Compliance and regulatory requirements
Being compliant has become a major focal point for most large organizations, but this for all practical purposes should be a goal for risk management and security in every organization. Regardless of external factors, those responsible for the integrity of the IT environment should be actively involved in ensuring that permanent staff, business partners and contracted staff, who may have privileged user rights, comply with company policies when it comes to handling company assets.
For those organizations that also need to meet public standards, the level of media exposure that has resulted from high-profile cases in the United States means that most people in the IT security arena are familiar with Sarbanes-Oxley, Basel II, 21 CFR Part 11, PCI, Gramm-Leach-Bliley and HIPAA.
However, it is not simply these much publicized standards. Today most countries have regulations in place that are very similar, such as France’s “Loi de Securité Financière”, Germany’s “KonTraG”, the UK’s “Combined Code” and the Netherlands “Tabaksblat Code”, which require a similar level of due diligence when it comes to IT security practices, although there are variations related to the compulsory nature in different countries.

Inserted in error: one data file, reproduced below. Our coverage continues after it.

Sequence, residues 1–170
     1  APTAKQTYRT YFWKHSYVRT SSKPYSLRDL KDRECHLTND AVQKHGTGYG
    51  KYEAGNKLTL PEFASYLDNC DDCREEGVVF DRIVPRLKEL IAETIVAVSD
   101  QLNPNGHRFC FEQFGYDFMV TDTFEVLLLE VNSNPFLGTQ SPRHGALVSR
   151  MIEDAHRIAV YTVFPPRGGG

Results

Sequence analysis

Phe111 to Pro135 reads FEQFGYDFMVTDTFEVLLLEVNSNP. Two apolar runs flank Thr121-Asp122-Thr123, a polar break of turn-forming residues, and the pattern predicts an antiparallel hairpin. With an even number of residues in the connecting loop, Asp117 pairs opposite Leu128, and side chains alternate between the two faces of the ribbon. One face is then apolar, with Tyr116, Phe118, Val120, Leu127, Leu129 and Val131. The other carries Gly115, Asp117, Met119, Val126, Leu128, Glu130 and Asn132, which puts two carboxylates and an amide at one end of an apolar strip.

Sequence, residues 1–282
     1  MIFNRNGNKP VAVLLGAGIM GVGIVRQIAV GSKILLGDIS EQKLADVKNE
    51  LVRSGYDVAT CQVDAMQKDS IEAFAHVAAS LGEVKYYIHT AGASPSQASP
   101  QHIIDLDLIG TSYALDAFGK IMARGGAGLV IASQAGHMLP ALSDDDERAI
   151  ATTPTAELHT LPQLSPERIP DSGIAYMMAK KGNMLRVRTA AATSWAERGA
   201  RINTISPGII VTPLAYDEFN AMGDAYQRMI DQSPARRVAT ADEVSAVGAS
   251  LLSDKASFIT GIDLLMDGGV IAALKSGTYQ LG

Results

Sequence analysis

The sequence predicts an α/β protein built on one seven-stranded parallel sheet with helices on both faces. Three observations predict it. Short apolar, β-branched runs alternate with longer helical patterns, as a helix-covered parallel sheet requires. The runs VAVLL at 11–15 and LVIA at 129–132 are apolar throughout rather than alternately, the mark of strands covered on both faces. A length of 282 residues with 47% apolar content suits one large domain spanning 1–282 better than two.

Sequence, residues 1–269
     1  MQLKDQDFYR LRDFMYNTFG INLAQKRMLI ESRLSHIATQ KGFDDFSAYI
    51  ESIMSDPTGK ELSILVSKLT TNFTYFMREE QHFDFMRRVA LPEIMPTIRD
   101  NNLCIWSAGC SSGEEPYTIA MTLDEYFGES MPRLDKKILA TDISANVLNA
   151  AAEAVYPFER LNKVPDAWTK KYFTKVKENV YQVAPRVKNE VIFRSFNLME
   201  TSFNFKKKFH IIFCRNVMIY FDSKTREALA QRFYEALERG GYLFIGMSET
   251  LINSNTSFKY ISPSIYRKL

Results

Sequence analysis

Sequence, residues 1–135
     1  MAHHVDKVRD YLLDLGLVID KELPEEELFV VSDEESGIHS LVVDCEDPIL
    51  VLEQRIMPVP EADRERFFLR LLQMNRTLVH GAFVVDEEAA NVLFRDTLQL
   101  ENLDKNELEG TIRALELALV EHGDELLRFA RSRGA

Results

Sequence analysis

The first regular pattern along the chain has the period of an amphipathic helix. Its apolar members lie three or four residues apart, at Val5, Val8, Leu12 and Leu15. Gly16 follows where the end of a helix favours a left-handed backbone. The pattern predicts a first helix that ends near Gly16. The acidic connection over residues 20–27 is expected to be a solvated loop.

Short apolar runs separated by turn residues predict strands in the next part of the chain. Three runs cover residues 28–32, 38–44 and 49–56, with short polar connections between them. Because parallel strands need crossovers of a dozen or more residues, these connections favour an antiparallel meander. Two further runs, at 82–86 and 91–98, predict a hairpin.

Additionally, many organizations are adopting best practices by implementing standards such as ITIL, and ISO 27001 in order to ensure consistency across their enterprises. From an IT perspective, what all of these regulations have in common is that they require the strengthening of internal controls related to the use of IT systems.
The controls that are specified in most standards are very similar. All deal with the primary threats that exist in the IT environment, focusing on the misuse of privileged accounts, mistakes by privileged users and malfunctions within the IT infrastructure itself, particularly when it comes to the security of highly sensitive information. The IT security group needs to be able to prove which privileged user accessed what system, demonstrate that confidential systems and data could not have been accessed by those who had no rights and that those who have the right are tracked.
The importance of automation in tracking and reporting IT controls cannot be overstated. These tools are important in providing timely alerts by continuously collecting and alerting on events for any critical component within the IT infrastructure. Additionally, they are an important factor in reducing the costs associated with collating the information.
For any organization that must comply with these regulations, it is mandatory that the IT departments comply, and that the IT security department in an organization must be able to demonstrate to the rest of the organization, and to those external parties that monitor the activities, that the effectiveness of IT controls are adequate.
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